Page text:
Per bolded -- as I stated, the cost of these particular things didn't change whether it was a Monday, Saturday or any other day of the week.  I don't see the contradiction.  Rent the church Monday?  $XXX.  Rent the church Saturday?  Same $XXX.  Rent the hall Monday?  $XXX.  Rent the hall Saturday?  Same $XXX.  Rent the dishes, utensils, cups, etc. for three days Saturday to Tuesday?  $XXX.  Rent the dishes, utensils, cups, etc. for three days from Friday to Monday?  Same $XXX.
Yes, I understood that. But then you went on to say that you went with the best option for your budget. If they're all the same, how can Monday be better for your budget than the others?


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Yvaine

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Re: Is a Friday morning wedding really so unusual?
« Reply #113 on: July 01, 2014, 08:59:34 PM »
Per bolded -- as I stated, the cost of these particular things didn't change whether it was a Monday, Saturday or any other day of the week.  I don't see the contradiction.  Rent the church Monday?  $XXX.  Rent the church Saturday?  Same $XXX.  Rent the hall Monday?  $XXX.  Rent the hall Saturday?  Same $XXX.  Rent the dishes, utensils, cups, etc. for three days Saturday to Tuesday?  $XXX.  Rent the dishes, utensils, cups, etc. for three days from Friday to Monday?  Same $XXX.
Yes, I understood that. But then you went on to say that you went with the best option for your budget. If they're all the same, how can Monday be better for your budget than the others?


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You're misreading her post. She's saying she chose the best hall for her budget, the best flowers for her budget, etc. She didn't choose the day of the week based on budget.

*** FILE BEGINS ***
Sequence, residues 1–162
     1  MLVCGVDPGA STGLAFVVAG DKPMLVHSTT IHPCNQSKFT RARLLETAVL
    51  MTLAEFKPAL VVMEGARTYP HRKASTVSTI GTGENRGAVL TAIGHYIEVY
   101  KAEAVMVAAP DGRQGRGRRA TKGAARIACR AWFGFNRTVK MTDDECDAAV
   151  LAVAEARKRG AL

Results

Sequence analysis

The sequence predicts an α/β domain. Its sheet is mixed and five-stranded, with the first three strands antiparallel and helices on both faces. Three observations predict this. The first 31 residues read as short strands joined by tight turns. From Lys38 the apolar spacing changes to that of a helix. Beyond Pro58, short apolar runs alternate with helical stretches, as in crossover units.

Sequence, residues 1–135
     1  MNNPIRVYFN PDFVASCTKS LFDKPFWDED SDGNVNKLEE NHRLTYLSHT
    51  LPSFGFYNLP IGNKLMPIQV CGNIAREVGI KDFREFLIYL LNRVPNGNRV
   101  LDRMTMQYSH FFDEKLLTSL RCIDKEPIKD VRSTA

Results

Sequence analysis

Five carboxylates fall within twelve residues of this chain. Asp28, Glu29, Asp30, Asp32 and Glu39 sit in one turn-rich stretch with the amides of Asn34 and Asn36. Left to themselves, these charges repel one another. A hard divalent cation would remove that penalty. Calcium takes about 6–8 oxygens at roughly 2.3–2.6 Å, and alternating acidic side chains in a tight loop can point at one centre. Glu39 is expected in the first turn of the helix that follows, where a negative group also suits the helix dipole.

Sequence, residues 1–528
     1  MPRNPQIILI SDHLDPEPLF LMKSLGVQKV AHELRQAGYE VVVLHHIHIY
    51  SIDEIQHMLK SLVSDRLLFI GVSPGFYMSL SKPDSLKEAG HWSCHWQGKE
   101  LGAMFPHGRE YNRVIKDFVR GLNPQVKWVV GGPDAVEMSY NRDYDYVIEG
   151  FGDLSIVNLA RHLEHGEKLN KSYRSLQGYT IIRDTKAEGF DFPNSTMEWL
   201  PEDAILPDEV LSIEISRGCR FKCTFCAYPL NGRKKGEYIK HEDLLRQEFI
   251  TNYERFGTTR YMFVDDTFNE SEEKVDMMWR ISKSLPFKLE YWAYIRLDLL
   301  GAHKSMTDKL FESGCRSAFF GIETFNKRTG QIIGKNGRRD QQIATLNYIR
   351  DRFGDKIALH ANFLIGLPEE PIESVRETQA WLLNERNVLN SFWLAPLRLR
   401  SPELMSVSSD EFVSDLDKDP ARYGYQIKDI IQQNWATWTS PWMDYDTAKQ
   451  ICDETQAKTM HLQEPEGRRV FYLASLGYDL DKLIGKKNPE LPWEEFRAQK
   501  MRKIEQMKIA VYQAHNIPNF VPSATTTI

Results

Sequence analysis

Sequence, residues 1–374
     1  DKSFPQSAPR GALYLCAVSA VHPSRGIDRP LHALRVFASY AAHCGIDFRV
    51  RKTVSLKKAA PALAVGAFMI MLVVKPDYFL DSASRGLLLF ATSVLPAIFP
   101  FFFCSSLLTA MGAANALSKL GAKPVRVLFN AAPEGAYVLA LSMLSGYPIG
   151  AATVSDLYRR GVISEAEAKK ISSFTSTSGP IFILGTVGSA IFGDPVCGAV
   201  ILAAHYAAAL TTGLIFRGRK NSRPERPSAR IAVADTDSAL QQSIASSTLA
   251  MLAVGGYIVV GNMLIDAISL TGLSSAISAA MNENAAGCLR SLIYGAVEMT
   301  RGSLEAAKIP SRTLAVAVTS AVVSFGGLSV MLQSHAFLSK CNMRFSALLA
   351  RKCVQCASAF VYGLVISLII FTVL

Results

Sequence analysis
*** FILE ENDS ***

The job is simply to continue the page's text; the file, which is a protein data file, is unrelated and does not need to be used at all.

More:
LtPowers

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Re: Is a Friday morning wedding really so unusual?
« Reply #114 on: July 02, 2014, 11:04:11 AM »
You're misreading her post. She's saying she chose the best hall for her budget, the best flowers for her budget, etc. She didn't choose the day of the week based on budget.
Apologies if I am. I thought the second sentence was explaining the first; the flow of the post seemed to imply that.


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gellchom

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Re: Is a Friday morning wedding really so unusual?
« Reply #115 on: July 02, 2014, 02:03:29 PM »
I think you are right, Lt.Powers.  From the original post:

We did this mainly for financial reasons, the hall costs only half of what it would if we'd done a Saturday reception and because we are doing a lunch time wedding and not serving alcohol they agreed that we didn't need to hire security, which saves us $25 an hour.

Psychopoesie

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Re: Is a Friday morning wedding really so unusual?
« Reply #116 on: July 02, 2014, 02:08:45 PM »
I think you are right, Lt.Powers.  From the original post:

We did this mainly for financial reasons, the hall costs only half of what it would if we'd done a Saturday reception and because we are doing a lunch time wedding and not serving alcohol they agreed that we didn't need to hire security, which saves us $25 an hour.

I believe Lt. Powers was questioning the post in this thread about socalval's wedding, not the OP's.

gellchom

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Re: Is a Friday morning wedding really so unusual?
« Reply #117 on: July 02, 2014, 04:34:51 PM »